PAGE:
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The purpose of this paper is to outline and describe the development and implementation of a mindfulness-based music intervention (MBM) for decreasing depression and anxiety in patients with a cancer diagnosis. The development of the intervention is based on a translation of mindfulness practices, research, and function of particular musical elements within mindfulness practice. Initial client responses and comments about the MBM intervention are also provided. The use of mindfulness-based interventions is a prevalent offering for cancer patients in oncology settings often addressing the distress of depression and anxiety. Mindfulness helps decrease symptoms of anxiety and depression by decreasing mental rumination through acceptance of present-moment experience. Music listening and playing can facilitate mindfulness, whereby music assists with improving attention and memory, and increasing positive emotions, acceptance, and motivation. Development and limitations of the outlined intervention, recommendations for future studies, and additional clinical applications are explored.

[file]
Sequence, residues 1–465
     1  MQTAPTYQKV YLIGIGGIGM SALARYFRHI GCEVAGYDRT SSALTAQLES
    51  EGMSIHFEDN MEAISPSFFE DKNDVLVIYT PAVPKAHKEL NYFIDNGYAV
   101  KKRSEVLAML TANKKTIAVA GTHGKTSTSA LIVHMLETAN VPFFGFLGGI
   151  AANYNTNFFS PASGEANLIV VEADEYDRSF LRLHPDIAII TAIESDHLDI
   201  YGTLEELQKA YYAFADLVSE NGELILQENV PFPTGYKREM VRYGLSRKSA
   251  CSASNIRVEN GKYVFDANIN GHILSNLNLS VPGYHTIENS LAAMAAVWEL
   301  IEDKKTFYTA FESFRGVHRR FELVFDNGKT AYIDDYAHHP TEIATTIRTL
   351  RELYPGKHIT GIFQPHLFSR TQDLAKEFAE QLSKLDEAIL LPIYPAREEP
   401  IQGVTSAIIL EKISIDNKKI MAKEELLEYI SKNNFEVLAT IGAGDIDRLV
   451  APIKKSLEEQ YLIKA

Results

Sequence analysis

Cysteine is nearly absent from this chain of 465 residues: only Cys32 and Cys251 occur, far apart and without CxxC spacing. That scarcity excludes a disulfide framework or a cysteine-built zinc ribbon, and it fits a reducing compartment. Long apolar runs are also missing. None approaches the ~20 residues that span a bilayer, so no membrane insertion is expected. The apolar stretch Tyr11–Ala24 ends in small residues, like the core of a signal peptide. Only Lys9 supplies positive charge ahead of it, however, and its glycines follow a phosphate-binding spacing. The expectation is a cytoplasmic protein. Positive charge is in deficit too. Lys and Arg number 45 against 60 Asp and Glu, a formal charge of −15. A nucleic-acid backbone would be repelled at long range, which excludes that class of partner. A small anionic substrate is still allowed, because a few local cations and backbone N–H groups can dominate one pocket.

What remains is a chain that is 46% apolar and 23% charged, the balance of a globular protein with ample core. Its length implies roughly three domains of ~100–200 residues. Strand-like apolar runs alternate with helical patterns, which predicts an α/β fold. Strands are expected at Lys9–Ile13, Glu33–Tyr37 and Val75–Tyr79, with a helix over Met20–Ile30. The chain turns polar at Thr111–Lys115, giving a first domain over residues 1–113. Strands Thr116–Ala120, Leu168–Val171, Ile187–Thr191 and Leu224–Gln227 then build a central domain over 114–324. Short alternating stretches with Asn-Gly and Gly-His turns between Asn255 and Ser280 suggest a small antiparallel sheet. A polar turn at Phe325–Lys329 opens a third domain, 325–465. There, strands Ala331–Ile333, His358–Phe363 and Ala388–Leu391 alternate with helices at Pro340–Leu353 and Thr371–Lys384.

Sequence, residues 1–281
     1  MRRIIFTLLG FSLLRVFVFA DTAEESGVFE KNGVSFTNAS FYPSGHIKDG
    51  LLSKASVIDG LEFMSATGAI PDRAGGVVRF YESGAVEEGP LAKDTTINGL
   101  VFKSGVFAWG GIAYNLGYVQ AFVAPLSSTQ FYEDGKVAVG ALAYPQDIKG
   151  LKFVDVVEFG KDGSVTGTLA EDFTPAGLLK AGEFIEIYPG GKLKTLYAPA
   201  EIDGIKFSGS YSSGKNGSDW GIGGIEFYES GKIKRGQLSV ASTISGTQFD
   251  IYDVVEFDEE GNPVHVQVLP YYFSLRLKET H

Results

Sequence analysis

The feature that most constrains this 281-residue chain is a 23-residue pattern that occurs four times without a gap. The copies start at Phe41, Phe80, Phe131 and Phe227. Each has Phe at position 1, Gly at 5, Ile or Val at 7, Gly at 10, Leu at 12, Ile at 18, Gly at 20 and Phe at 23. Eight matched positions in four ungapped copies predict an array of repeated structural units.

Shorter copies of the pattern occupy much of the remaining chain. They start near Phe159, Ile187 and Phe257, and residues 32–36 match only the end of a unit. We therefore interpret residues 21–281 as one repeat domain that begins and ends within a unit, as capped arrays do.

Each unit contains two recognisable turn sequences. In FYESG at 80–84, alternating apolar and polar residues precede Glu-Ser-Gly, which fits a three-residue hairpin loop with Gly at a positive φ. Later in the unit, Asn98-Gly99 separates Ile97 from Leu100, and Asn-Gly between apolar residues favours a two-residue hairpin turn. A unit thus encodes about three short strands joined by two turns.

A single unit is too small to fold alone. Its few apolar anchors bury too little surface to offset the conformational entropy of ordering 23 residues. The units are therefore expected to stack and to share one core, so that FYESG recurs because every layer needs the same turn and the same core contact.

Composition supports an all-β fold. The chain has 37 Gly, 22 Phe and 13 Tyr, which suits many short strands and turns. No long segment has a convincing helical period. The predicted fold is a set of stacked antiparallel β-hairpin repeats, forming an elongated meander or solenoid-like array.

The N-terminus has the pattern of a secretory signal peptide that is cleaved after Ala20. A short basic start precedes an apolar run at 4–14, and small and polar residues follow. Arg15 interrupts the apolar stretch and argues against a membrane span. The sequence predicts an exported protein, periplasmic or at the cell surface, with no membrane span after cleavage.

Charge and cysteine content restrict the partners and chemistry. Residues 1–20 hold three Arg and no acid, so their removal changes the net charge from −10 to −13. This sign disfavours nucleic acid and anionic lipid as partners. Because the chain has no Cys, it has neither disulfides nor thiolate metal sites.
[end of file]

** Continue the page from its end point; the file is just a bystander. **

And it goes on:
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Purpose Fear of cancer recurrence (FCR) is prevalent among survivors. However, a comprehensive and universally accepted theoretical framework of FCR to guide intervention is lacking. This paper reviews theoretical frameworks previously used to explain FCR and describes the formulation of a novel theoretical framework for FCR. Methods A systematic review of the literature was undertaken to identify conceptual frameworks or theories applied to FCR. MEDLINE, PubMED, CINAHL, AMED, PsycINFO and Web of Science were searched. Identified conceptual frameworks were reviewed for strength of evidence supporting their validity. Results Of 558 papers initially identified, 16 made reference to six different conceptual frameworks relating to FCR. The most comprehensive and evidence-based theoretical approach is the Common Sense Model (CSM). Other approaches have limited evidence supporting their application to FCR. Two theoretical approaches developed in the context of emotional disorders that appear to be highly relevant to FCR: the Self-Regulatory Executive Function (S-REF) model and Relational Frame Theory were combined with the CSM to produce a novel cognitive processing account of FCR. Conclusions Few conceptual frameworks have been used consistently to guide FCR research, and not all frameworks are empirically well supported, suggesting that further discussion regarding the conceptualisation of FCR is needed. The novel theoretical framework for FCR presented highlights the multidimensional nature of FCR and the importance of cognitive processing and metacognitions in the development and maintenance of FCR. Implications for Cancer Survivors The novel theoretical formulation of FCR outlined here provides a much-needed comprehensive framework to further investigate and address FCR in cancer survivors.